I’ve been waiting for months to tell you about one of my favorite restaurants in Nashville, the Farm House, located right across from the Country Music Hall of Fame and Museum in the SoBro district (south of Broadway).
I wrote about the Farmhouse in an article for the Nashville Arts & Entertainment Magazine (the Restaurant Revolution) which just recently hit the news stands. I didn’t want to write anything until the magazine was released, and I encourage you to pick up a copy if you live here and read more about the Farm House and other Nashville restaurants that have helped to create a food and wine landscape we Nashvillians are proud of.
The Farmhouse is not a farm to table restaurant, but it’s a farmer to table restaurant. This is Chef Trey Cioccia’s first restaurant where he brings years of experience in fine dining, cooking under Tyler Brown at the Capitol Grille and as executive chef at Cantina Laredo.
While he is no stranger to doing some of his own farming, his main passion is transforming the food, and is demonstrated by his infamous collection of mole skins full of recipes that I would love to see in a cookbook. I usually can figure out a recipe, but he stumps me with his whimsy and twist and turns, like his take on pimento beignets.
Pimento Beignets, Harissa, Onion Ash….a comfort food classic with a creative twist.
On first glance, it’s an unassuming restaurant, decorated exactly the way a farm house would be, in shades of brown and lots of reclaimed barn wood. On a deeper observation, you begin to get what Chef Trey is doing. He is living his vision in every detail, by securing not just local ingredients with his many close relationships with farmers in the area, but in all aspects of decor, all sourced in America and in Tennessee when possible. He is very committed to where the food comes from and how it’s raised or harvested, and the Farm House is very transparent about the food sources.
While the Farm House is a story of food and honest farming, everything centers around giving the customer a good experience. The wait staff knows and appreciates the food as much as those in the back of the house, and the restaurant is as friendly as a diner and as unpretentious.
The Farm House has a section on the menu called “Snacks.” These are heavy appetizers, that could double as entrees, and are better than any snack I’ve ever had.
When I ate the porkbelly pop tart, my brain captured that this is one of the best bites of 2015.
Porkbelly Poptart, Duck Fat Maple Lemon & Walnut Marmalade
Marrow, Charred Onion Stock, Roasted Leek, Scallion Butter, Grilled Cheese
When I ate the most unique marrow soup with onion and tiny grilled cheese sandwich, I felt like I understood the lure of classic french onion soup (only this wasn’t french onion soup) that will never be considered trendy, even if it was served with an onion sorbet. I would have been happy just having this as my dinner, because it was just so satisfying.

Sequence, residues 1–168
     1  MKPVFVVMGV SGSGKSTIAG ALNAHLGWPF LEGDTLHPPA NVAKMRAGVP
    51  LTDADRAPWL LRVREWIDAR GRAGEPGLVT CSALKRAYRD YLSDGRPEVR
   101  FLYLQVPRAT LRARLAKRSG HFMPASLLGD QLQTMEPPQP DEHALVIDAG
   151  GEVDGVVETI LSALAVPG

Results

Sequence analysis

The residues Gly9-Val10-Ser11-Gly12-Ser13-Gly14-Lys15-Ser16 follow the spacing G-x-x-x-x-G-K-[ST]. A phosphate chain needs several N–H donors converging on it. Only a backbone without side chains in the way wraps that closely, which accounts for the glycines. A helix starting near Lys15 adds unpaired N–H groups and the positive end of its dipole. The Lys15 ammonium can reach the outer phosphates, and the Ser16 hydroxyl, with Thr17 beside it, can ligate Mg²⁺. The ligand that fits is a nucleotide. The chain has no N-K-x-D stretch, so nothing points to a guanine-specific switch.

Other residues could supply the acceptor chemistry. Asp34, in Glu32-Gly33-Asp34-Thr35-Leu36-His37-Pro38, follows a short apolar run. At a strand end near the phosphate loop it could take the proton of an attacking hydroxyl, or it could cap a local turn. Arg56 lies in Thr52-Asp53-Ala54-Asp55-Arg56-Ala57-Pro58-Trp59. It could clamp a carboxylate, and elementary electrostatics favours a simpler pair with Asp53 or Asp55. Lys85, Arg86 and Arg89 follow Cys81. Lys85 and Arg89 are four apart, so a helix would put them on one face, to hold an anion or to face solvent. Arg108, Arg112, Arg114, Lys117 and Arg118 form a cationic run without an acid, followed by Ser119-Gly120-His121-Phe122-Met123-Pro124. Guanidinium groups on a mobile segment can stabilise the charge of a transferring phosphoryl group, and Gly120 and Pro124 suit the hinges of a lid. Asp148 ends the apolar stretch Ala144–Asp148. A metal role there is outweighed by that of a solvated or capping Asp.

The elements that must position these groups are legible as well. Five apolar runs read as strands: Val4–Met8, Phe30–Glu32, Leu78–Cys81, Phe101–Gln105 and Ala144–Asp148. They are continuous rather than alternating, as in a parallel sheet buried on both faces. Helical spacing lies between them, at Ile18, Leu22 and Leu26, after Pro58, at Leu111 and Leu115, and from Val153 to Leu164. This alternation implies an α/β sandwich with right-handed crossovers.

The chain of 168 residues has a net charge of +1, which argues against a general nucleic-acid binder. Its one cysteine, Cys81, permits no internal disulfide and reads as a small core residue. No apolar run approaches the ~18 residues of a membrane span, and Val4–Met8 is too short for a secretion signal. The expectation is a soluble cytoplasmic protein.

Moving to the Small Plates
Scallop, Cauliflower Puree, Corned Beef, Arugula
The scallops are crispy, yet not overcooked by a second.
The menu changes according to the supply of local resources. This lamb chop dish was one I had lat winter.
Lamb Chops with Cannelini Beans Braised in Buttermilk, Homemade Cavatelli. The lamb was tender, and the dish was just as good as it looks. All pasta is made in house.
You can see right away what I mean when I tell you the Farm House is unique because its not just another Southern cuisine restaurant that attempts to elevate comfort food.
It’s comfort food with a creative spin that never feels contrived, hipster or trendy. You still feel like you’re eating in a country kitchen, a cross between the South and Italy. After all Chef Trey is Italian.
When we sank out teeth into the duck confit, it felt like a bite of food one might have eaten in a small French town 100 years ago.
When I ate the homemade cavatelli, I felt like my grandmother made this. The pictures below do not do the food justice. The lighting of the restaurant at night makes the food just seem brown. But it’s all fall off the bone meat, braised long enough to have several layers of savory flavor. These were the kind of entrees that you want the next night all over again.
Duck Confit, Stroganoff Grits, Citrus Radicchio, Hot Sauce Emulsion
The stroganoff grits are made with mushrooms, and the duck is fork tender.
Lamb Shank, Sweet Potato Gnocchi, Fig, Preserved Lemon, Sausage, Ginger, Mint
The Desserts at the Farm House
The desserts at the Farmhouse never disappoint. I’ve ordered dessert three times at the Farmhouse and they pay just as much attention to every detail of the sweets, and you appreciate the steady, consistent high notes from beginning snack to sweet.
Pumpkin Cake, Brown Sugar Icing, Cranberry Compote, Coffee Chickory Pudding, Molasses Vinaigrette, Root Beer Sherbert
This is a pumpkin cake with a root beer sorbet, which is an amazing combination, and not too sweet.
I had these macarons last winter, but I had to include them. I took them home to enjoy and snapped this picture. They were perfect.
The Farm House is open for lunch Mon- Friday serving blue plate specials, Brunch on Sunday. Dinner starts 5:00 p.m. I recommend going a few times and trying everything. The menu does change seasonally and sometimes daily.
Valet parking is available.
210 Almond St. Nashville, TN 37201 | 615-522-0688
Follow them on Facebook.
They have a great instagram feed.